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What is activity-based costing?


Customer services

 

You may have heard of activity-based costing (or ABC), and here I will try to explain the basics of ABC. First, just a short reminder of the types of cost an organisation may have.

 

Costs are often classified as fixed or variable. Variable costs change in line with volume/output, and are often called direct costs as they can be attributed easily to a product or service. Fixed costs, often called indirect costs, do not change when business output changes. For example, a fixed cost might be rent of a premises or the salary of a general manager. Such costs cannot be easily traced to a product or service. However, if no effort is made to trace fixed costs to products or services, then the business does not know the full cost. This makes decision-making more difficult.

 

Traditionally fixed production costs are absorbed into a product by means of a rate per labour hour. For example if overhead was planned at €1 million for a year and 100,000 labour hours were to be worked, then each labour hour would mean a €10 overhead cost. So a product taking two labour hours to make would be charged €20 overhead.

 

The traditional method can be criticised as over the years more and more overhead has been non-production type overhead and not related to the number of labour hours spent making a product – indeed automation of production in many industries has seen labour being of decreasing importance.

 

Another more modern way to allocate overhead to products is using ABC. The key in ABC is the word “activity”. In ABC, we can think of an activity as a collection of tasks which are linked in terms of being an overhead cost. For example, customer service, facilities management, quality control and machine setup are all examples of activities. The resources of the activity are determined, which are used to determine the cost of the activity – typically for a year. Then, what causes these resources to increase or decrease is determined. This is called a cost driver. For example, more complaints from customers will increase the resources needed by a customer service department. Using the cost driver, the overhead cost driver rate can be determined. Here’s a brief example:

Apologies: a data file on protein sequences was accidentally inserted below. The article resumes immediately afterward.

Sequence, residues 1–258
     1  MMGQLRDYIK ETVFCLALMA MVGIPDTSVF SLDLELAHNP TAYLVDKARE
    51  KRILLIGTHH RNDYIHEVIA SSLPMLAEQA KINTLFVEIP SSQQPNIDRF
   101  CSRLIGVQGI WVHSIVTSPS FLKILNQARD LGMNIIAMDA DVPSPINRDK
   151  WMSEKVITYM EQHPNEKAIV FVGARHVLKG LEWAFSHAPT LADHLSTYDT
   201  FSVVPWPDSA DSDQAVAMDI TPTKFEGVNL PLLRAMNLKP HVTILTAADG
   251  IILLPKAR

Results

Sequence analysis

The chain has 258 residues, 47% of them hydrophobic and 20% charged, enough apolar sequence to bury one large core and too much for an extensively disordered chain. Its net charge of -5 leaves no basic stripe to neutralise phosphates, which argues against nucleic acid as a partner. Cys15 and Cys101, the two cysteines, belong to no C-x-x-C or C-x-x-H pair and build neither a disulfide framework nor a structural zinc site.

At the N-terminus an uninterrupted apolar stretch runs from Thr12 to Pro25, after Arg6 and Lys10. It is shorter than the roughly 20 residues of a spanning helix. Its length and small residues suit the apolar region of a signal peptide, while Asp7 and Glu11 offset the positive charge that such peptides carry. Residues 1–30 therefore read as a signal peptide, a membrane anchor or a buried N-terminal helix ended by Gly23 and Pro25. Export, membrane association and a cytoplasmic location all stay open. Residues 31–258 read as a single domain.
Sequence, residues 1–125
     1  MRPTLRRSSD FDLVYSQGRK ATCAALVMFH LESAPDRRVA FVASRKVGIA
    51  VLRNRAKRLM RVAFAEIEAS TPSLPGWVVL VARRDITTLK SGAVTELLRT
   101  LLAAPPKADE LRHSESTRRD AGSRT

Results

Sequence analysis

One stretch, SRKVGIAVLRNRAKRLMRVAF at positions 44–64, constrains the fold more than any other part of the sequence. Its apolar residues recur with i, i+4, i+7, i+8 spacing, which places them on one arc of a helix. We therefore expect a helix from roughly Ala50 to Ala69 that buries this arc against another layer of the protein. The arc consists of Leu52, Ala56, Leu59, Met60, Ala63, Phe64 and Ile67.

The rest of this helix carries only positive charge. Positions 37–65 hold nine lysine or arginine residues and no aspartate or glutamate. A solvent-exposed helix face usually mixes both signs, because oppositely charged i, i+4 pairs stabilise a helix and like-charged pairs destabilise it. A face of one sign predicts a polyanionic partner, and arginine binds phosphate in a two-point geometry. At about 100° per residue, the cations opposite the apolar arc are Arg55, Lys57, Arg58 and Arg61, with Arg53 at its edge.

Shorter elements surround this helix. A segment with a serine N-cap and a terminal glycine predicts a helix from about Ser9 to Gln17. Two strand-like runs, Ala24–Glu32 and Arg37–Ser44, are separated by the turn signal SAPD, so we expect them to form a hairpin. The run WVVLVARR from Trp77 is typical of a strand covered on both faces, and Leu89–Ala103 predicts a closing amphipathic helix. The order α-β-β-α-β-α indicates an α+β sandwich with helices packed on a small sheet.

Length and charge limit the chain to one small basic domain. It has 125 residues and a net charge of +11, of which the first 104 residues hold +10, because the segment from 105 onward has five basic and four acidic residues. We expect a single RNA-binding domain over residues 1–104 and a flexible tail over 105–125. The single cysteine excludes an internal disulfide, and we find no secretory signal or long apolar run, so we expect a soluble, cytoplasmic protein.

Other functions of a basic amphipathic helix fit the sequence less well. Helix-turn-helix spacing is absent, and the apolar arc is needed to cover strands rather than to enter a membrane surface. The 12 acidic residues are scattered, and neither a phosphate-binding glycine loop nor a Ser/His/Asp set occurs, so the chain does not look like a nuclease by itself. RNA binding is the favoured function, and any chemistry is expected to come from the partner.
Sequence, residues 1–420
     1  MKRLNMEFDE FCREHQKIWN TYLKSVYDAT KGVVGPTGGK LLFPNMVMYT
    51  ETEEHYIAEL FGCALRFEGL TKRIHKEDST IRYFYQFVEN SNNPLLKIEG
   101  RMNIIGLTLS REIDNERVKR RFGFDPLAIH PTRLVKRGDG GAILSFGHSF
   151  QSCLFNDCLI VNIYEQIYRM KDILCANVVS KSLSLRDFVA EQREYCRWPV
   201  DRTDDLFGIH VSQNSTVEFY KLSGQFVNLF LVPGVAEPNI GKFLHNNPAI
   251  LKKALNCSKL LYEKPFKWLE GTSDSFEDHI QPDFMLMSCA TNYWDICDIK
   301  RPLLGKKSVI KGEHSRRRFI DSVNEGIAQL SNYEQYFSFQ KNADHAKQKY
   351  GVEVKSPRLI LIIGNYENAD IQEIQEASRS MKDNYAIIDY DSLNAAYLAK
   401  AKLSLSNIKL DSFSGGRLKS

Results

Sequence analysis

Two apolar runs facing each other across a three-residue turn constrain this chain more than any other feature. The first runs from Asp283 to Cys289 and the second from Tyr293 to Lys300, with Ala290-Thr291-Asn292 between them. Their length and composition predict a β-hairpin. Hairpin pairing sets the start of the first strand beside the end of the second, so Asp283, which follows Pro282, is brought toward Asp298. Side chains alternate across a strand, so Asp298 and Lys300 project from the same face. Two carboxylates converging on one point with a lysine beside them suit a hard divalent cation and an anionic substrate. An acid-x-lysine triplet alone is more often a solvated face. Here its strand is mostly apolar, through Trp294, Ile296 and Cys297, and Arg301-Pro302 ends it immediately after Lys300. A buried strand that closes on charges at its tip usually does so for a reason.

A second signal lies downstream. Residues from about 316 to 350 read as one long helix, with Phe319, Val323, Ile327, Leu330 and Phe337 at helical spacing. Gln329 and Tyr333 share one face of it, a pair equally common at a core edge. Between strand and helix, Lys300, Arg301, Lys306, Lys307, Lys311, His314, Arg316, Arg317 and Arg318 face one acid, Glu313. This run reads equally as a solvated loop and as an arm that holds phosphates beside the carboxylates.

A design department costs €100,ooo per annum – costs such as salaries, design materials, computer running costs etc. The more designs for new products the greater the cost, this designs are the cost driver.  Lets assume there are 5,00o designs per annum, thus the cost driver rate is €20 per design. A product which needs say three designs will thus incur a €60 overhead costs for designs using ABC. If a product has nor designs, then zero overhead is incurred.

 

In a business, design (as per the above example) may just be one cost driver. Thus, the more resources (activities) consumer by a product the higher the overhead cost. This seems to make a lot of sense, and thus ABC is often used where overhead costs are not easily traced using direct labour hours (or similar) as a means to allocate overhead cost.

 

With ABC, all direct costs are assigned to the product/service in the same way as traditional costing methods. It is just the allocation of overheads that differs.  Typically, ABC considers not only production overhead costs, but many other overhead costs which can be defined within activities.

 

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About martinjquinn

I am an accounting academic, accountant and author based near Dublin, Ireland.

2 responses to “What is activity-based costing?”

  1. Bill Clark says :

    When I think “types of costs,” I generally break them down into direct, indirect and sustaining costs and consciously build those three distinctions into my model’s activities as cost attributes. From my experience, this helps the ABC practitioner better align the types of tasks (i.e., activities) a company performs with their corporate cost structure in terms even the “financially-challenged” can understand. The fixed vs. variable distinction is a gray area for some, and the lines between either are often blurred by the contractual arrangements (e.g., outsourcing, fixed price, etc.) behind the cost. Here’s how I think of things…

    Does the cost in question directly touch the good or service and is it necessary for production? Is this something concrete a customer would be willing to pay for? If so, then you have a direct cost. Indirect costs are associated with those activities that are one-removed from the product. Think of the warehouse that provides a part to be used in making some “thing” or the engineers’ drawing specifications for a finished product. While a customer might understand these costs as necessary, would they be unwilling to purchase them directly? And lastly, think of sustaining costs as those organizational activities (HR, C-suite, financial reporting, etc.) that most call overhead. While you definitely must re-capture these costs through smart product pricing, a customer would never willing pay for these upfront.

    By defining the activity as either direct, indirect, or sustaining and associating costs based on the type of activity performed, it provides a clear alignment between action and cost – the very heart of activity-based costing.

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